# Data Cleaning¶

Ha Khanh Nguyen (hknguyen)

## 1. Handling Missing Data¶

• One of the goals of pandas is to make working with missing data as painless as possible.
• For example, all of the descriptive statistics on pandas objects exclude missing data by default.
• For numeric data, pandas uses the floating-point value NaN (Not a Number) to represent missing data.
• The isnull() function is applied to every value of the Series or DataFrame. It returns a Series or DataFrame of the same size but with Boolean values instead.
• The built-in Python None value is also treated as NA in object arrays:

## 2. Filtering Out Missing Data¶

• There are a few ways to filter out missing data. While you always have the option to do it by hand using pandas.isnull() and boolean indexing, the dropna() can be helpful.
• On a Series, it returns the Series with only the non-null data and index values:
• The above is equivalent to:
• With DataFrame objects, things are a bit more complex.
• You may want to drop rows or columns that are all NA or only those containing any NAs.
• dropna() by default drops any row containing a missing value:
• Passing how='all' will only drop rows that are all NA:
• To drop columns in the same way, pass axis=1:
• Suppose you want to keep only rows containing a certain number of observations. You can indicate this with the thresh argument:

## 3. Filling In Missing Data¶

• Rather than filtering out missing data (and potentially discarding other data along with it), you may want to fill in the “holes” in any number of ways.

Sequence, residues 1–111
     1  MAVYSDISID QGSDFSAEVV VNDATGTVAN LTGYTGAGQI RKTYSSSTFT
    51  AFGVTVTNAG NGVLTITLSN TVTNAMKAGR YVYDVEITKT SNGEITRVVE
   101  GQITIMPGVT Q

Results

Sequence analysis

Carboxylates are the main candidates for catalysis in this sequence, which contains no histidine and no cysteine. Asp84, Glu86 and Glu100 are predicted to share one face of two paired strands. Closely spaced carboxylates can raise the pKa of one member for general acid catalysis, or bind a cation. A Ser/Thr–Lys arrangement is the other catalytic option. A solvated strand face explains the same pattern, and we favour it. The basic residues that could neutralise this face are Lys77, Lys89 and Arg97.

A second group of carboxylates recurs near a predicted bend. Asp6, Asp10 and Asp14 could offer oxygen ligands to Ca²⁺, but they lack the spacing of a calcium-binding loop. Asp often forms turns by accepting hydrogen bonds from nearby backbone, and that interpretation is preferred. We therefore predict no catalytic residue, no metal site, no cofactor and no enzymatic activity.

• For most purposes, the fillna() method is the workhorse function to use.
• Calling fillna() with a constant replaces missing values with that value:
• Calling fillna() with a dict, you can use a different fill value for each column:
• fillna() returns a new object, but you can modify the existing object with inplace=True.
• We can also filling in missing values using interpolation methods:
• With fillna() you can do lots of other things with a little creativity.
• For example, you might pass the mean or median value of a Series:

## 4. Exercise¶

Let's clean the Ramen Ratings dataset using the methods we just discussed! This time, we will be working with the "raw" version instead of the clean version that we have used previously.

This lecture notes reference materials from Chapter 7 of Wes McKinney's Python for Data Analysis 2nd Ed.